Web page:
Travel company Thomas Cook has reported lower-than-expected UK profit margins due to highly competitive conditions in the travel industry.
The well-known travel brand recently reported a 40% decline in its UK earnings, fuelled by a “challenging” travel market and a cut in total revenue caused by a weakened pound. For the year to September 30, Thomas Cook generated earnings of £52 million — lower than the £86 million reported during the previous 12 months.
Thomas Cook is one of several travel companies to face a decline in earnings over the past year. Others, including numerous low-cost airlines, have reported declining profits due to an increasingly intense price war and difficult currency conditions.
The weakened pound has hurt many holiday providers, the majority of which price services in pounds before purchasing accommodation, tour packages and other services in euros. Rising hotel prices have also been blamed for this year’s lower-than-expected profit margins.
In its statement, Thomas Cook reported that a high level of competition for Spanish package holidays also contributed to its smaller margins. The company has also been set back by the costs of reimbursing customers after Hurricane Irma.
Finally, the company reported that fraudulent illness claims cut into its 2017 profits, costing the company a significant amount. Executives have reported that there may be legal action against individuals that make fraudulent illness claims.
To reverse the downturn in earnings, Thomas Cook plans to focus its offerings on inexpensive, rapidly growing destinations such as Egypt and Turkey, both of which have seen an increase in demand over the past year.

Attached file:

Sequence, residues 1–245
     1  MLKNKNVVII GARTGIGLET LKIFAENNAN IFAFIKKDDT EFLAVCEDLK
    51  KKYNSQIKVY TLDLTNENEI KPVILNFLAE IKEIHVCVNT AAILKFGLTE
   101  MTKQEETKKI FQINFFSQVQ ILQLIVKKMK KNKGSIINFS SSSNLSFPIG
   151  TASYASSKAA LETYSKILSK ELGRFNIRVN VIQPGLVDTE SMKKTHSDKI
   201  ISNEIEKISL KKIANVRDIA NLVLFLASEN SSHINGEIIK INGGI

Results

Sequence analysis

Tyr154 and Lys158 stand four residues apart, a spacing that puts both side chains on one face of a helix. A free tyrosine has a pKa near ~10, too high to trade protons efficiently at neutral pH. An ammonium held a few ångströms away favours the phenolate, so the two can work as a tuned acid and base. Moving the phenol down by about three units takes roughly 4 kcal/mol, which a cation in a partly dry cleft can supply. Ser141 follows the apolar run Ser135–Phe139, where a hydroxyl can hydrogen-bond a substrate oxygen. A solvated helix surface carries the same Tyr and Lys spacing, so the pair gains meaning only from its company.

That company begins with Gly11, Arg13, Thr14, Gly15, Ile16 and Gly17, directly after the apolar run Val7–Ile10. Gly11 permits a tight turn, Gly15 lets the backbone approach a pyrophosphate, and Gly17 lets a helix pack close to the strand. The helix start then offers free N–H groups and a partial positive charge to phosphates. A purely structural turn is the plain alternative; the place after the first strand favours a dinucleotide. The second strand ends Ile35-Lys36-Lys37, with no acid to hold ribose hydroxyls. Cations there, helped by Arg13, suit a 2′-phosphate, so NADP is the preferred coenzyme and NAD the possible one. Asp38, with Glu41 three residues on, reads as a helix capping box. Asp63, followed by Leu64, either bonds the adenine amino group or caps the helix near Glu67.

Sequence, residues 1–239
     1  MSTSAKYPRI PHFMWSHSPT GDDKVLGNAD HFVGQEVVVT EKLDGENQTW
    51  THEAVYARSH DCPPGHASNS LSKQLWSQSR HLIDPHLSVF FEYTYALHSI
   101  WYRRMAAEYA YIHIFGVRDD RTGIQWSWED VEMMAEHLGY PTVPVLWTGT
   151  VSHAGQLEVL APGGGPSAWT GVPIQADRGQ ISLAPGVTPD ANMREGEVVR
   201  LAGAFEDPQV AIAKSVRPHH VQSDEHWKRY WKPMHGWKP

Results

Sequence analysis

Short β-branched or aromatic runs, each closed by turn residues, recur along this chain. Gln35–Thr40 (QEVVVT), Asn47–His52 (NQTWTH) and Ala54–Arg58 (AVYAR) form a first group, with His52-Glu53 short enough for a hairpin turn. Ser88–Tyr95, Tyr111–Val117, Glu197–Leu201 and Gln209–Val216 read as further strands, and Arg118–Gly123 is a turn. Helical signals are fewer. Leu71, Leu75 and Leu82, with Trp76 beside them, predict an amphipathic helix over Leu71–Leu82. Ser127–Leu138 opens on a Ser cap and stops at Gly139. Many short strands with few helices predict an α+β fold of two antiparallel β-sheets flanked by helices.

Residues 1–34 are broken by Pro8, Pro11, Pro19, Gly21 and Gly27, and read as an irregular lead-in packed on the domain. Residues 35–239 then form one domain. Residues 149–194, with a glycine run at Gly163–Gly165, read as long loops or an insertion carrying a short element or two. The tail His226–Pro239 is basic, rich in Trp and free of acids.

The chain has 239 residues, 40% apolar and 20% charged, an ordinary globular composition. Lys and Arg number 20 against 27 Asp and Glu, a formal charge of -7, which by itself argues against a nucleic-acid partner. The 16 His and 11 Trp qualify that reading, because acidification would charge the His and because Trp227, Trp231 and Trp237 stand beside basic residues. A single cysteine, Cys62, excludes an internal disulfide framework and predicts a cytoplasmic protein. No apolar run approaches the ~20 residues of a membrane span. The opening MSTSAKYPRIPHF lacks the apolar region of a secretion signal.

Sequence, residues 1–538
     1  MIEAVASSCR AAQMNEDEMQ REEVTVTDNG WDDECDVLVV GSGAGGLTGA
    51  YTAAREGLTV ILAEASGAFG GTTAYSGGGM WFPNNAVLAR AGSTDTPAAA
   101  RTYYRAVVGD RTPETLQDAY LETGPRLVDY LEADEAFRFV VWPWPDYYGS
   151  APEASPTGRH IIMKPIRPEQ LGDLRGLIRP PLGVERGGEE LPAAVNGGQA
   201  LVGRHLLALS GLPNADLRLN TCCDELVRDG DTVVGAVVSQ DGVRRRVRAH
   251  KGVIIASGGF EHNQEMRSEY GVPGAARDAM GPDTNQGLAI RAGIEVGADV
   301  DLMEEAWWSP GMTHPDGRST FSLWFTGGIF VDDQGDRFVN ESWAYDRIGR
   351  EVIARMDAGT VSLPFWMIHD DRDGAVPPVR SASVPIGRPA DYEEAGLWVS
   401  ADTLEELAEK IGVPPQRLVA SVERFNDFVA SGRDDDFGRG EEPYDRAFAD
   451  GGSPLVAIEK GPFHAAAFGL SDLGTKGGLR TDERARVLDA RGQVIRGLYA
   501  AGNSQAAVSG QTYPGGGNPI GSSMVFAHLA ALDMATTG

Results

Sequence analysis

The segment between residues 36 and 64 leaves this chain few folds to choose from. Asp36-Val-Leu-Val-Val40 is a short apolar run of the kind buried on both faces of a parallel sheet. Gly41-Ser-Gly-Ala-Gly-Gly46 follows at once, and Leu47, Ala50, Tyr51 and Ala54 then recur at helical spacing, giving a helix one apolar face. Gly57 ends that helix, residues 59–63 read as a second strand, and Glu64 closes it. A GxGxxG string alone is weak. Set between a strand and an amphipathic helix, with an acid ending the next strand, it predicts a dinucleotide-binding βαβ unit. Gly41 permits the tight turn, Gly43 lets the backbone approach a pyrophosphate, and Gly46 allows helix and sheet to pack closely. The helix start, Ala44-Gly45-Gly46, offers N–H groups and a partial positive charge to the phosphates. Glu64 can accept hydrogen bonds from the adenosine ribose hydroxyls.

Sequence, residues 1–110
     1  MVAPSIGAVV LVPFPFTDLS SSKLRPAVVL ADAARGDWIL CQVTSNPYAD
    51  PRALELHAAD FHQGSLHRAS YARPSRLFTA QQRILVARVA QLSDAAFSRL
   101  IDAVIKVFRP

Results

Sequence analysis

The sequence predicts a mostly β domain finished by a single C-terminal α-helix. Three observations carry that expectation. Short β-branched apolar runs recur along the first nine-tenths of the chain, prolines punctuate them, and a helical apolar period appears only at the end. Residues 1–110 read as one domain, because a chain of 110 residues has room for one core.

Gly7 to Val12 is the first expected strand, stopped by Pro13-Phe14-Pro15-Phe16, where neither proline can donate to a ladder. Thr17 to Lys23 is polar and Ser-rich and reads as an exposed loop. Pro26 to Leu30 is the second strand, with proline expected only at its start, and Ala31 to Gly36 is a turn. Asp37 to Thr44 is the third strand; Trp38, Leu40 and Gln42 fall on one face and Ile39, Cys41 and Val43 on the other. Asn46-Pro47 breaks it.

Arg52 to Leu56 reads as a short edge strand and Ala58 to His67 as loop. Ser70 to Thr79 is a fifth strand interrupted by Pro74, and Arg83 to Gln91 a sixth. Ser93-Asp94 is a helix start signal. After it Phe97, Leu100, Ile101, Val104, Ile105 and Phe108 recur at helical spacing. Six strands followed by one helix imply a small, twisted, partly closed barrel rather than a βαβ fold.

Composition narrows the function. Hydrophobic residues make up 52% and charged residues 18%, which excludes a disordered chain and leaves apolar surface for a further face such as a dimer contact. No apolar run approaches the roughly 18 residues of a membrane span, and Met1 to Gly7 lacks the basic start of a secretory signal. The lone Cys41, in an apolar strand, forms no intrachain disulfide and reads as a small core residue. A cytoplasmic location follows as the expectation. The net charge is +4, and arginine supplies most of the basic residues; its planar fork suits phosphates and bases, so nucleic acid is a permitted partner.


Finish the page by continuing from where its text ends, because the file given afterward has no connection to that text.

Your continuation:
Despite poor earnings from its UK division, the Thomas Cook Group has had a positive year on the whole. The company’s earnings grew by £24 million to a total of £330 million, largely due to increased customer demand.
Bookings for the winter season are currently higher than expected, with the company noting a 5% increase in total booking volume fuelled by customer interest in warm destinations such as the Canary Islands.
A persistent price war has affected UK-based holiday companies that focus on destinations like Spain, where limited availability and an increase in demand has resulted in higher-than-normal prices for hotels and holiday apartments.
Due to Spain’s image as a safe holiday destination and the weakened pound, Thomas Cook and other travel companies predict that the price of holidays to Spain will continue to rise by anywhere from five to 10 per cent over the next year.
The challenging market conditions haven’t only affected holiday tour companies. Earlier this year, UK-based Monarch Airlines ceased trading due to financial difficulties, leaving 10,000 holidaymakers stranded overseas.
Even the industry’s most robust companies have reported lower-than-anticipated profits, with budget airline easyJet stating a 17% annual decrease in profits. Chief executive Carolyn McCall described the year as a “difficult” one for the entire travel industry.
Still, with demand increasing and bookings on the rise, 2018 could potentially be a year of new opportunities and financial turnaround for many of Britain’s airlines and travel service providers.